quarta-feira, 24 de janeiro de 2018

Book Review | The Handmaid's Tale by Margaret Atwood

Here's a book so horrifyingly sad and beautiful it haunts a reader who might try then to find similarities between fiction and reality. The Handmaid's Tale is set in a future where women's rights were reversed because of and in a climate of political oppression, pollution, and overall uncertainty. Margaret Atwood calls it speculative fiction. The book was written after George Orwell's 1984 and is said to have been slightly inspired by it. Each in their own sphere is a chilling account of what might one day be if. Let us hope none of them materialize.

Atwood's novel is a firsthand account set in Gilead, within the borders of the United States. The main character is Offred, a telling epithet that pretty much summarizes the plot. It turns out, in this possible future women are a commodity or a possession. Thus, the preposition of and name of the man to whom women are associated with are what constitutes their new name. Fertility rates have plummeted and the top 1% have access to fertile women, Handmaids, who bear them children just out of the kindness of their hearts, a feat imposed by Christian religion based on bible accounts. So, not exactly a willing thing. Free will does not exist in this world.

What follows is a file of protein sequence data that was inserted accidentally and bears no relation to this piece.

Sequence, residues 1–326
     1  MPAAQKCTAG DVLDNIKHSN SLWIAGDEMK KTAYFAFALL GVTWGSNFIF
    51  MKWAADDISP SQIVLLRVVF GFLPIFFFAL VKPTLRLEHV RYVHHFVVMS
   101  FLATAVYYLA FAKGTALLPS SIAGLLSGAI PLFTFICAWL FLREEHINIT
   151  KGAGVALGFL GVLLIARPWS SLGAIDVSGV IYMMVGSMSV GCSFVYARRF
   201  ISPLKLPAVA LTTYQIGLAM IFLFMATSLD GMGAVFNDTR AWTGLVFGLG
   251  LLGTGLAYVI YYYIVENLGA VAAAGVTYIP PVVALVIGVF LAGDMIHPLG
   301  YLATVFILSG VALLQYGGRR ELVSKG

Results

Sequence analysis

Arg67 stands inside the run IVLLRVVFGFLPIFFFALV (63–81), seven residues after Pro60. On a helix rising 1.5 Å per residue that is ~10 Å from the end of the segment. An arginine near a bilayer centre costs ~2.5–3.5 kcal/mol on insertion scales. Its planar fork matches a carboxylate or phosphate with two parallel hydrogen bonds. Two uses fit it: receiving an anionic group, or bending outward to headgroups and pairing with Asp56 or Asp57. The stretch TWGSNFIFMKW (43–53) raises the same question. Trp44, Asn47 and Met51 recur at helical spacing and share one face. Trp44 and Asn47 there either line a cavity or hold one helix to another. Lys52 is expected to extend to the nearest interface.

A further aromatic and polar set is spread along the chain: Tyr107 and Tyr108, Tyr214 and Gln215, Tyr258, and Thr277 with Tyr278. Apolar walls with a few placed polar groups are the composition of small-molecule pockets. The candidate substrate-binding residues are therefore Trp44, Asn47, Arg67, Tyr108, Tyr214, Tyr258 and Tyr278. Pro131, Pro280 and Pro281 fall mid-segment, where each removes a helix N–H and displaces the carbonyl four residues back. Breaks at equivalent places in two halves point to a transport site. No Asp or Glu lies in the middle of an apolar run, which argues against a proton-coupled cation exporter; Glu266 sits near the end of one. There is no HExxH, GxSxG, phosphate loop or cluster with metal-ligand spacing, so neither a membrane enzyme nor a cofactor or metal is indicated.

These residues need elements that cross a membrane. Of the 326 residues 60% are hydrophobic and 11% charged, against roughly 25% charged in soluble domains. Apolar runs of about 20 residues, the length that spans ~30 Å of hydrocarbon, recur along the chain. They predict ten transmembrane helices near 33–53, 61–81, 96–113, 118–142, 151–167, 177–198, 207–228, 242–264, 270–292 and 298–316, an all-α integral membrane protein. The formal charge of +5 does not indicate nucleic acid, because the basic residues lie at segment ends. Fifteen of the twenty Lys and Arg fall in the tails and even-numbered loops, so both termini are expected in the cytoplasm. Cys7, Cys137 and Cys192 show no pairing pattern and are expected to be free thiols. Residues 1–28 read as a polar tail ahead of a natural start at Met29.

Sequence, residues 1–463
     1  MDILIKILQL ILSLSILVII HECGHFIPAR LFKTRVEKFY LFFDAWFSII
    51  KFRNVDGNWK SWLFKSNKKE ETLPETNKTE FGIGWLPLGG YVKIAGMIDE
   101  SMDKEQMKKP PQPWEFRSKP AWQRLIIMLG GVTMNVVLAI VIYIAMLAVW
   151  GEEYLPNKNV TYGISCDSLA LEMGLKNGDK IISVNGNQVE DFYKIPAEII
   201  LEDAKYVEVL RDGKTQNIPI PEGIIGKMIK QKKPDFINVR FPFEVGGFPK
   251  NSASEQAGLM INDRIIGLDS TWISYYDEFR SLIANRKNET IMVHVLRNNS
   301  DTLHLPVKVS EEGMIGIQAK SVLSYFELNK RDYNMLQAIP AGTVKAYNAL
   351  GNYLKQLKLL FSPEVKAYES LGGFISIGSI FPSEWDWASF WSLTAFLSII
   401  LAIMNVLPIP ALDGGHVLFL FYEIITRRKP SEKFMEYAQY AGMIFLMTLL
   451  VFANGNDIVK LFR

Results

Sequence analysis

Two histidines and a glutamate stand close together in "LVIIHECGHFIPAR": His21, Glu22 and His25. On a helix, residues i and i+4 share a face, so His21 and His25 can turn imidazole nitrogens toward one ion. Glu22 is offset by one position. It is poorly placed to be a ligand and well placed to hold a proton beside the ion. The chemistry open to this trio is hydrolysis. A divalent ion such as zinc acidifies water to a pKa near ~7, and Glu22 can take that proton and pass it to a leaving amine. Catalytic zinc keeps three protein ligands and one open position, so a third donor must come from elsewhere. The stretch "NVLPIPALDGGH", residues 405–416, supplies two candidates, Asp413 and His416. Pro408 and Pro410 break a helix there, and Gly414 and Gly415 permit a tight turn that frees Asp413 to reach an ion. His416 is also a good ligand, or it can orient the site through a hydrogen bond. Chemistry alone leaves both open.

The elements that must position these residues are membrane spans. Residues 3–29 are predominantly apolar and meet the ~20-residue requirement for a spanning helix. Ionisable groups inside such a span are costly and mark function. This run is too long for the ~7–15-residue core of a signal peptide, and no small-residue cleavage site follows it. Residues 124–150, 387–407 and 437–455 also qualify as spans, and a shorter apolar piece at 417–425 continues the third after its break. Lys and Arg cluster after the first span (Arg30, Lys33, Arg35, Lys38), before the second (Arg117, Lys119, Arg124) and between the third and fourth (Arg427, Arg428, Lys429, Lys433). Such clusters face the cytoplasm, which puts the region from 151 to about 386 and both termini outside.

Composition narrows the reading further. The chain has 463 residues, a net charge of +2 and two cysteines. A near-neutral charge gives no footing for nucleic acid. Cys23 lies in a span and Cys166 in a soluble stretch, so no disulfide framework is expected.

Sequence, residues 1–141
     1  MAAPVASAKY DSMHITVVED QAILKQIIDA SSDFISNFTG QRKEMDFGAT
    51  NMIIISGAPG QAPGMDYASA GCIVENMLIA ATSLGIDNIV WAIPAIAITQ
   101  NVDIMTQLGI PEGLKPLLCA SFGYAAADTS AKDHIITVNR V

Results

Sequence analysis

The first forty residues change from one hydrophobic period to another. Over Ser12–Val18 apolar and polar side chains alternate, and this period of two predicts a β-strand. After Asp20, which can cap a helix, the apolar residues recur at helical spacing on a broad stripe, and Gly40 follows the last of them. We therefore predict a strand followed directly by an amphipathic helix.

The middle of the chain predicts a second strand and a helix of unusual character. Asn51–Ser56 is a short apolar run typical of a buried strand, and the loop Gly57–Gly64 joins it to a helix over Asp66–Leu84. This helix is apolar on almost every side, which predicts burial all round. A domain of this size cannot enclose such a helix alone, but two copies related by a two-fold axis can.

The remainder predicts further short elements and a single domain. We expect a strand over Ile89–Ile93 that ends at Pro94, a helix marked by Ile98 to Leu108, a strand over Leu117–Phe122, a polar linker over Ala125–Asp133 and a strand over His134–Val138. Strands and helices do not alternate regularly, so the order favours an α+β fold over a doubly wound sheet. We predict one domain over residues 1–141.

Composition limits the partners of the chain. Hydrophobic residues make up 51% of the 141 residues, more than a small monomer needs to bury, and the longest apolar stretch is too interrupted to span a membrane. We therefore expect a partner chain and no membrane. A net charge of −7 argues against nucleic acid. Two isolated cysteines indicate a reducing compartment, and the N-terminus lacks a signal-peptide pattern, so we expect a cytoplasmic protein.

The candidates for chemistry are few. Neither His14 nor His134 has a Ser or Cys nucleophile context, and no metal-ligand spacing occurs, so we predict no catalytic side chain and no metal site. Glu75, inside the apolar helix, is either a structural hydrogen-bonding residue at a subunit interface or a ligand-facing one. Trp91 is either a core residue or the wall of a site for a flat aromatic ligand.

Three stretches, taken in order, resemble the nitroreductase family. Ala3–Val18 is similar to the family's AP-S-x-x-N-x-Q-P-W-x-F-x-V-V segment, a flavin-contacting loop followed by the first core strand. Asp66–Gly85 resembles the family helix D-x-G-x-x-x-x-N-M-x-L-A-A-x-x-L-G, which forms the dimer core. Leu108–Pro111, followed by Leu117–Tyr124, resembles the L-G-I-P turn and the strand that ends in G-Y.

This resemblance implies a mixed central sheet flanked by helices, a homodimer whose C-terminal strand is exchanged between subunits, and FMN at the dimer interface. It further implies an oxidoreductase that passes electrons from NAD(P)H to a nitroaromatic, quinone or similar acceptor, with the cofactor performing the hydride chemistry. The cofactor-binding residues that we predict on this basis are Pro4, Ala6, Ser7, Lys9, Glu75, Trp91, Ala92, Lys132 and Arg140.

The plot is purposely chopped (at the end we know why and how that happens) and details of this new system are embedded in Offred's account of her daily life after she becomes an Handmaid and in memories of a previous existence that went sour. Margaret Atwood ingeniously imagined how terrorism can be turned into a weapon by the supposedly terrorized country to enslave its own people, how the effects of pollution can possibly impact humankind, and how one individual can become oppressed and obedient in this grim environment.

I could have read this book in one or two days, it was so enticing. The writing style is compelling and poetic, weaving beautiful scenery into terrifying experience, words crafted in a resulting pleasurable read. I could not get enough of Offred's story, and I wanted a conclusion, which did not satisfy. That's mainly why I'll be watching the television series. To see what's possible. To see Offred once more. SPOILER: in my mind, she did escape. The ending left me hopeless, but the historical notes made it seem that at least women regained some control. 


Notice how different this review is from my previous one on another Atwood's novel. 

Where can you purchase this book?


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